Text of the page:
My boss has a strong preference for having a hard copy of his six-month calendar that he carries around and on which he and his wife make updates and notations of personal appointments and events.
His assistants maintain his official calendar on Outlook 2003. We tried printing out the six-month calendar from within Outlook (using the normal print function) but he is very picky about the design of his six-month calendar and says that it can't have those boxes Outlook insists on printing around the name of each day. He also dislikes having extraneous details included in the six-month calendar (we use the details section to remind ourselves of things like the contact person for the event or the need to get the speech writer to draft speeches) and goes ballistic when he sees "12:30 p.m. - 1:30 p.m. Lunch" on his calendar as the only entry for a day. Final fussy detail: he wants to see an entry for every single day, even if that day has no appointments, in case he wants to add a personal appointment on the weekend or on an otherwise dull weekday.
His first assistant (who resigned to get away from him) had one of the junior staff laboriously type every entry from Outlook into Word, following the Boss's preferred format and applying the rules on what to include and what to omit by hand. Not surprisingly, this has not proven to be an ideal solution because it's labor-intensive AND the junior staff didn't always remember to update the Word version when the Outlook version changed, so Boss was sometimes working from very old information.
The second assistant (who also resigned for much the same reason) was the one who tried to sell him on the Outlook-generated calendar but he wouldn't buy it (plus we had the problem with no entries for "empty" dates and too much information included in details).
I recently got roped into trying to figure out a way to generate the hard copy calendar from the Outlook data, meeting all his requirements but avoiding the hand-typing method. It CAN be done but it uses almost every program in MSOffice and I'm concerned it's too complex a process to hand over to the junior staff.
My solution thus far has been:
Use Import/Export Wizard to export Outlook data to an Excel file.
Inside Excel, convert the date and time information from Outlook's text format to a date format. I've been using DATEVALUE to copy the Outlook date column to a new column. I then copy "values" from the new column into a third column and delete the original Outlook date and the formula-filled column. Ditto the two times (StartTime and EndTime).
I then create "empty dates" by autofilling dates-only at the end of the table. These end up being the entries for the "empty dates" the Boss wants to have included.
I sort the columns a number of times and a number of ways to get rid of the pesky "Lunches" and to clear out the "12:00 AM" starting times Outlook attaches to "all day events."
With one last sort, I go through and delete the "empty dates" for those days which DO have at least one appointment.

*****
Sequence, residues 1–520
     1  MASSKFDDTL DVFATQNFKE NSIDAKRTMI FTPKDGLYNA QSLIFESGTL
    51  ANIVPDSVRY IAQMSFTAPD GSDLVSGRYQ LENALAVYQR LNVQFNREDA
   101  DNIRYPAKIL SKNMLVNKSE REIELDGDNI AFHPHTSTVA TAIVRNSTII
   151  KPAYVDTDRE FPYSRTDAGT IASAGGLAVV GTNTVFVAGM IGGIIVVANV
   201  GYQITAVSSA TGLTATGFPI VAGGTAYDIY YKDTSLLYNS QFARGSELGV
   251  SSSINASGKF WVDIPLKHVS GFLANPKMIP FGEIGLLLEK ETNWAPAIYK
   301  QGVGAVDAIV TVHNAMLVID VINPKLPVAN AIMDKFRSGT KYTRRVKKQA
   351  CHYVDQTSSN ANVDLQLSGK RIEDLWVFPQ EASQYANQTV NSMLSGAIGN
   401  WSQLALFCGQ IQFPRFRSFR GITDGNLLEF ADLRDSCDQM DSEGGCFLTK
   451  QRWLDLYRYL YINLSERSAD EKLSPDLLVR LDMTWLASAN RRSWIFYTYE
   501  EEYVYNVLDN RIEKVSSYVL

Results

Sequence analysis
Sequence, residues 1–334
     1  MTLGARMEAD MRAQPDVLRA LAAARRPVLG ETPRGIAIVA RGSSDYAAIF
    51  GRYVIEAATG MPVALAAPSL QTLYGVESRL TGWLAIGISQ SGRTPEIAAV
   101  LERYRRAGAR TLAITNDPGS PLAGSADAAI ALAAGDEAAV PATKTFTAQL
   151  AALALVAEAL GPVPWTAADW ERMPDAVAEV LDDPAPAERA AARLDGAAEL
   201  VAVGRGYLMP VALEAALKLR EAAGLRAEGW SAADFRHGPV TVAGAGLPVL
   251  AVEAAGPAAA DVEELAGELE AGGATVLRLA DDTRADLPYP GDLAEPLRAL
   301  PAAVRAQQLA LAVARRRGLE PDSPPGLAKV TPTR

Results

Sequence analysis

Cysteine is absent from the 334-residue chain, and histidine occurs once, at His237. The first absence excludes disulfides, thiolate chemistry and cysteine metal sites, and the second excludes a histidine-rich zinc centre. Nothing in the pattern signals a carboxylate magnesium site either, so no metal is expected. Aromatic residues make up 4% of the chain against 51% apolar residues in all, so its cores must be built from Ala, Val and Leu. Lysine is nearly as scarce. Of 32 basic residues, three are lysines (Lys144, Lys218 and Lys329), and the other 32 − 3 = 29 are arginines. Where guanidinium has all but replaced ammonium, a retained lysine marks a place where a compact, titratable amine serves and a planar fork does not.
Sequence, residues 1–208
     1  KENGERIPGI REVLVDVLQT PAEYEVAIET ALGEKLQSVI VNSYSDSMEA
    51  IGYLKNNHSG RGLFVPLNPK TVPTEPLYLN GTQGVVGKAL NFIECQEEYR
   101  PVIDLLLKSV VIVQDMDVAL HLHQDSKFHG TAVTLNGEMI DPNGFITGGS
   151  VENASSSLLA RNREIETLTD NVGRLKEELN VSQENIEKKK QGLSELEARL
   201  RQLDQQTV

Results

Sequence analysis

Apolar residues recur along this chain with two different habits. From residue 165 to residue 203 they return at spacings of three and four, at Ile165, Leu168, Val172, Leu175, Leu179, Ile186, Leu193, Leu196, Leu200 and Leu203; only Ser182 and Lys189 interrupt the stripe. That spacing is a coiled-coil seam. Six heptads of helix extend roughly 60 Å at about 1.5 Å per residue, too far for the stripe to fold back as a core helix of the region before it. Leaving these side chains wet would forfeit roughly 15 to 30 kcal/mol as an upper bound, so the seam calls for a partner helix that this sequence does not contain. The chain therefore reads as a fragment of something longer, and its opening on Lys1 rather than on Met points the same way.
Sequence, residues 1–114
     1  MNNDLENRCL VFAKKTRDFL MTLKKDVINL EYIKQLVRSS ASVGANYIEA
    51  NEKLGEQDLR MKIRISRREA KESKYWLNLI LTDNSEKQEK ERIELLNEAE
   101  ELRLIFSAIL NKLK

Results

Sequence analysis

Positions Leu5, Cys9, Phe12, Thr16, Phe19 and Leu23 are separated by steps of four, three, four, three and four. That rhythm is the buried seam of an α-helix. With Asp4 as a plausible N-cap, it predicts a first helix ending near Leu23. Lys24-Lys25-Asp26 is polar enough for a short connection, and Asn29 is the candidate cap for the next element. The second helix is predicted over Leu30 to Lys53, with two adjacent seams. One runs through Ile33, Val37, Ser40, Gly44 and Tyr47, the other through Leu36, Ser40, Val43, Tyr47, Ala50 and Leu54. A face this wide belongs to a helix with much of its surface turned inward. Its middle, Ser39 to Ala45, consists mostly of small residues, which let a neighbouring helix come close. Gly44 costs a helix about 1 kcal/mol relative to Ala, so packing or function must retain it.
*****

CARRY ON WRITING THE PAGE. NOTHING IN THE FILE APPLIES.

Next, I use "get external data" in Access to pull the Excel spreadsheet data into an Access table. The Access table is the recordsource for an Access report that meets the Boss's demands for grouping by day and grouping by month.
From within the "preview report" pane, I use Share Office Tools to create a Word Rich Text Format file.
I save the .rtf file as a .doc file and use Word for final editing and formatting.
Does anyone have any suggestions of a more efficient (and more idiot-proof) way to get to the final Word file?
For the record, the fields I end up dealing with are:
Subject (text; the "main title" of the event)
Description (text; the info included in the details section of the Outlook appointment)
To help you frame your answers, I have a lot of experience programming VBA in Access but have never tried to use VBA in any other MS Office application. I do know what a macro is and can usually be trusted to copy code correctly, but I might need to be coached through how to add code to non-Access Office programs (never tried it and nervous about giving it a go).
I have loads o' Experts Exchange points available and am willing to be generous with awarding them if we can get this down to a junior-staff exercise that's close to turn-key in its simplicity.
Feel free to give input on just a segment of the problem. I noticed, for example, an EE answer to the "Outlook exports dates and times to Excel as text" problem that uses a macro to clean up the data (instead of having to create, copy, and delete columns). A rewrite of that solution tailored to my problem would be greatly appreciated. I'll award 500 additional points via other questions for any segment that works for me. (I'm sure we can work around the point-awarding problem with some patience and creativity.)
Thanks in advance for your help. I just as soon not be the third assistant to solve this problem by running away from it.